Thousands of Colorado mail-in ballots rejected

Dozens of volunteers sort mail in ballots for counting in Boulder, Colorado. (Mark Leffingwell/Reuters)

As Colorado election officials began tabulating the state's massive numbers of mail-in ballots -- more than 70 percent of Coloradans voted early -- they rejected thousands of them in the Denver metro area for signature issues.

The Denver Post reported that almost 3,500 ballots had been tossed in Denver precincts and almost 2,000 in the key swing suburb of Jefferson County.

Those figures were not out of line with previous years in a state that has long embraced the postal ballot. But if swing-state Colorado is as close as the campaigns expect it to be, small numbers could make a big impact. Voters will be notified of rejections; they have eight days to verify their signatures and have their ballots counted.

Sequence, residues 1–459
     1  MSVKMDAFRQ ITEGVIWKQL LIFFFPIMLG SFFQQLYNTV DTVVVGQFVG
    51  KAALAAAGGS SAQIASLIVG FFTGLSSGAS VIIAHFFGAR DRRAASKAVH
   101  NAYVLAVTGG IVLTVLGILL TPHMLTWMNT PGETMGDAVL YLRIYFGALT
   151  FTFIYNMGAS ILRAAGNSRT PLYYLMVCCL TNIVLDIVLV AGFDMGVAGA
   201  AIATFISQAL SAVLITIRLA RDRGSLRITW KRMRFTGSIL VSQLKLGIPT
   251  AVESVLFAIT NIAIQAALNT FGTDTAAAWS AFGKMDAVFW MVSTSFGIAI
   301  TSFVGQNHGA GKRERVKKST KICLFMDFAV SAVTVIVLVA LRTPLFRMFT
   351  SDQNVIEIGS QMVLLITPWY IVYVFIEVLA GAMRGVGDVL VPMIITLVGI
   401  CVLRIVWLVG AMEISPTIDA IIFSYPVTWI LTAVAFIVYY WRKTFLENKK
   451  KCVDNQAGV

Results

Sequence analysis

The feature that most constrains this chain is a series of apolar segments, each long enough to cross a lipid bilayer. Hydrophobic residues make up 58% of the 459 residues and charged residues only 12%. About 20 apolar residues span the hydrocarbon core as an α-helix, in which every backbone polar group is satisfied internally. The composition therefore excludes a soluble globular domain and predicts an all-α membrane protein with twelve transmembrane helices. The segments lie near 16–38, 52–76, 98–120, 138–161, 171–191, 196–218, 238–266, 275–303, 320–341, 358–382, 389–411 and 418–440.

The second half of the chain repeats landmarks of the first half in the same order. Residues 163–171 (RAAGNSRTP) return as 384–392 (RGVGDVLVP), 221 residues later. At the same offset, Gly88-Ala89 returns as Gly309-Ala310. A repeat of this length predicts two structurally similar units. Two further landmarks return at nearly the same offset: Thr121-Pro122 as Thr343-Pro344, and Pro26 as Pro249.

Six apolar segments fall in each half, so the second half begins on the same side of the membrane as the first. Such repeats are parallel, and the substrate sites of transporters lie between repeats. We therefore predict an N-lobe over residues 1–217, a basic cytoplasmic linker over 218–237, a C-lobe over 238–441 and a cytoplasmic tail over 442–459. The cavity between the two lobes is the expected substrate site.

Steve Hendrix came to The Post more than ten years ago from the world of magazine freelancing and has written for just about every page of the paper: Travel, Style, the Magazine, Book World, Foreign, National and, most recently, the Metro section’s Enterprise Team.

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